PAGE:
Two elderly Israelis of Libyan descent have helped propel the notion that Qaddafi was a Jew: Israel’s Channel Two News interviewed, in February, Guita Boaron and Rachel Saada, who both claimed to share a relative with Qaddafi’s grandmother. Though those claims remain unproven, the interview is cited in Libya and beyond as proof of long-held suspicions that Qaddafi was a Jew.
As we drove toward Libya, listening to a CD dedicated to the February 17th Revolution, the lead song pulsed: “Tripoli, ‘O capital of free Libya, we accept no other city than you. Tripoli, beautiful bride of the ocean, who lives as high as the moon. We live for Tripoli and we will die for it.”
Yet the music soon changed.
With a new driver in Tripoli, as I desperately sought a hotel at daybreak, came a new CD titled “Rap of the Libyan Revolution.” The first track, “Khalas ya Qaddafi” (“Finished, oh Qaddafi”), rapped in English: “Thank you Obama, thank you Jazeera, thank you Sarkozy for everything you’ve done to me.” It then moved into Arabic: “I’m sorry for Algeria because their leader is Bouteflika, who supports every Jew with his soldiers and weapons. Leave, oh Qaddafi. Every day people die, every day people suffer, every day mothers become widows, every day children fear their house will be destroyed, their toys will be broken, that they will become orphans in their youth, Go out, you Jew!”
Another rap number, “HadHihi al-Thawra” (“This Revolution”), rapped in Arabic: “From the north to the south, from the east to the west, let’s rise up, let’s rise up! The anger won’t die, the one who will die is Qaddafi, his supporters and the Jews.”
Tripoli, known as the “bride” or as the “mermaid of the ocean,” felt surprisingly normal despite a lack of unified rebel control. Young bearded rebels who once saw fierce combat were charged with the mundane task of directing congested traffic around Martyrs’ Square (formerly Green Square). While walking down Tripoli’s Omar Mukhtar Street I encountered a young Tripolitan, Mohammed, who looked to be 17 years old. He boasted having four girlfriends and spoke some of the best English in the city. He embodied much of the Arab Spring: young, intelligent, ambitious and capable . Within a minute of conversing, he volunteered: “Qaddafi was Jewish, isn’t that crazy?”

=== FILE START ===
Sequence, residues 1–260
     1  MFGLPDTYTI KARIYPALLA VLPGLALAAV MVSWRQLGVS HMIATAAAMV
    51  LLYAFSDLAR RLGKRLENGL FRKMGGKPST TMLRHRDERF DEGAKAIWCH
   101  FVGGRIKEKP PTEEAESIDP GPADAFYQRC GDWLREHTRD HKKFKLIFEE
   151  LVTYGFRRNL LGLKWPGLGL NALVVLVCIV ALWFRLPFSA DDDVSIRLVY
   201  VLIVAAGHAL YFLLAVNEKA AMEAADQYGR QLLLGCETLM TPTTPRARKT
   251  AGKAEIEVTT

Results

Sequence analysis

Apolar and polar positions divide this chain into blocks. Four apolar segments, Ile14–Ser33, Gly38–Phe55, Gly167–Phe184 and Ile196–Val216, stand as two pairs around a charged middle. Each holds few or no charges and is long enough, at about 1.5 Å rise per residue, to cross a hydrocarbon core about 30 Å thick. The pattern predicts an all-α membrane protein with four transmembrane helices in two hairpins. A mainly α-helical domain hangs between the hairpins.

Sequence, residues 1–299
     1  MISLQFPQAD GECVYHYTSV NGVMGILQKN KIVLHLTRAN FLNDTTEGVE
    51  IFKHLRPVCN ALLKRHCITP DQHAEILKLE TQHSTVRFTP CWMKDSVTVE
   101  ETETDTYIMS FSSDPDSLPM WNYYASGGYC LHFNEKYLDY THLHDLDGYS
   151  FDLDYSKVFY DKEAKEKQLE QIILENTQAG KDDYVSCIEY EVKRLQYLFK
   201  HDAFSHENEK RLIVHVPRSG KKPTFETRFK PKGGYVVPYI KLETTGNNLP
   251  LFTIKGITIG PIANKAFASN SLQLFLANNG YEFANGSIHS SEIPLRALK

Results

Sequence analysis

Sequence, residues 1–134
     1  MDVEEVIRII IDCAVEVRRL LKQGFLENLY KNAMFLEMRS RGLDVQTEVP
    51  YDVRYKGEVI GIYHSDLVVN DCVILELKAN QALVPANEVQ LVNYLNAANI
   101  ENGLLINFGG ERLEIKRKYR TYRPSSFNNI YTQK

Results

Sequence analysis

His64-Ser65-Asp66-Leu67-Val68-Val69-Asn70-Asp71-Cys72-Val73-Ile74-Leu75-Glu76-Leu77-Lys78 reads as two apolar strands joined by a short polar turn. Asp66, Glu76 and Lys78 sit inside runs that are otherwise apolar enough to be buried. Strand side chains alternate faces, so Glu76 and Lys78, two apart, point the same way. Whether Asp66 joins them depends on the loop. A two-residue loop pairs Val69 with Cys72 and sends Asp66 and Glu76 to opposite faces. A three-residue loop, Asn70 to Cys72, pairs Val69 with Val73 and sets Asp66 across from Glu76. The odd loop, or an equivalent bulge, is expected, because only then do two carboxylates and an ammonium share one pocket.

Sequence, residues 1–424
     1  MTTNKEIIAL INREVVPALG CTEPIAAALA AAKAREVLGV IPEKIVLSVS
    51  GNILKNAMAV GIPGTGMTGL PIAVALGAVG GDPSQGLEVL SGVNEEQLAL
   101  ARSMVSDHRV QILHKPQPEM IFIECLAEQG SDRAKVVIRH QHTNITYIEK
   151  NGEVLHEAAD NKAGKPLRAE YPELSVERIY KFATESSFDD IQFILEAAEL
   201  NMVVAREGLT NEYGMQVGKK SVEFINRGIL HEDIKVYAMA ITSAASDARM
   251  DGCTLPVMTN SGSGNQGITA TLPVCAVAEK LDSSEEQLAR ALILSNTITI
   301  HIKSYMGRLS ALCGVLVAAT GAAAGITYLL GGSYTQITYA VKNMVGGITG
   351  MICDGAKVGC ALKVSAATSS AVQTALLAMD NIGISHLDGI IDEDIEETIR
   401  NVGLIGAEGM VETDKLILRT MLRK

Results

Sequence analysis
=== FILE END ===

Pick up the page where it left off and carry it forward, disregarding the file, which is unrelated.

Misrata, on the other hand, resembled a scene out of “Mad Max.” The city, Libya’s third largest, sitting on Mediterranean coast, had been the target of weeks of massive bombardment from pro-Qaddafi forces. Now, about 25,000 rebels belonging to disparate brigades roamed the streets in their jerry-rigged technical vehicles. Despite the chaos, my contact, a kindly former English teacher named Hassain Mustapha, was a voice of reason. While standing in the ruins of one of NATO’s sole targets in the city, a former vegetable market that hid Qaddafi’s tanks, I asked Mustapha his thoughts on Qaddafi’s heritage. He furrowed his brow and quickly shook his head, dismissing any notions that Qaddafi was Jewish or Italian as “dangerous” and “ignorant,” saying that “he was one of us.”